Invasive Species Compendium

Detailed coverage of invasive species threatening livelihoods and the environment worldwide

Abstract

Floral abundance and richness drive beneficial arthropod conservation and biological control on golf courses.

Abstract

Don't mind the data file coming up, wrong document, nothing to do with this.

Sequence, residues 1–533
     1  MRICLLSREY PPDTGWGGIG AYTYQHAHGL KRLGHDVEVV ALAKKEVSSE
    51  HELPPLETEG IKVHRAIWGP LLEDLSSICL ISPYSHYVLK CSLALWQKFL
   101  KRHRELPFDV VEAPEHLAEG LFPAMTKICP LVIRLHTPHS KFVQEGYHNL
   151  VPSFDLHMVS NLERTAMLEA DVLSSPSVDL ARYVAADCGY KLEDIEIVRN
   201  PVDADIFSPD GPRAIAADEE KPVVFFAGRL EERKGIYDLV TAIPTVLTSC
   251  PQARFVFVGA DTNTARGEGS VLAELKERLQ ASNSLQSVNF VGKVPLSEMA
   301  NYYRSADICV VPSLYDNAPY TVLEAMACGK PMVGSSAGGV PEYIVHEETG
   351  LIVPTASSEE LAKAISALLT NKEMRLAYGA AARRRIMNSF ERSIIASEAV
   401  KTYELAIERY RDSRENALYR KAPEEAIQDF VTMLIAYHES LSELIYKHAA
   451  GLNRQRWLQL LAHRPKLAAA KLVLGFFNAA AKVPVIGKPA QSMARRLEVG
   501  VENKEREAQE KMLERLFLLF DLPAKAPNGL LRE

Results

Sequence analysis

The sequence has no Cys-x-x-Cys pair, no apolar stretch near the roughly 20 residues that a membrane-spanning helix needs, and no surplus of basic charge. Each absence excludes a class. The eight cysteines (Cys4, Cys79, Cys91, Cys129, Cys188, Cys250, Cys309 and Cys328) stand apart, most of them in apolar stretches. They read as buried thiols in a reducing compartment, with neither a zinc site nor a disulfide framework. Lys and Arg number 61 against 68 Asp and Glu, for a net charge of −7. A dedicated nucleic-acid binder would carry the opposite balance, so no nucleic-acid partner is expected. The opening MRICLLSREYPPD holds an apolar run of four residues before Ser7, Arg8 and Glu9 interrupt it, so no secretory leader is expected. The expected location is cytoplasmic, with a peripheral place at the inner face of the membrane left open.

Golf courses are among the largest, most ubiquitous highly maintained urban green spaces in the U.S. Although their primary function is recreation, a large portion of golf course land is not actively in use, which presents opportunities to create more ecologically functional areas. Golf courses around the world are converting these out-of-play areas to alternative habitats, but few do so using evidence that maximizes their benefit. Previous studies have investigated effects of conservation plantings on golf courses, but none have isolated the biological control services of flying natural enemies and few investigated effects on native bees. In this study, we ask if converting out-of-play maintained turfgrass areas into wildflower habitats increases bee and insect natural enemy abundance and diversity and their associated ecosystem services. We created wildflower habitats at two levels of species richness and compared their effects on insects within and around them to turfgrass plots. To quantify effects on biological control, we deployed sentinel prey Spodoptera frugiperda larvae, excluding ground-dwelling predators. As predicted, we found that converting turfgrasses to flowering habitats increased bees and natural enemies on golf courses. However, high wildflower species richness was an important factor in promoting native bees and natural enemies. We found that wildflower habitats, particularly those with highest floral richness, increased biological control rates in adjacent turfgrass areas by up to 50% compared to turfgrass controls. Our results indicate that purposefully designed conservation plantings on golf courses can help support insect pollinators while also augmenting biological control of turfgrass pests.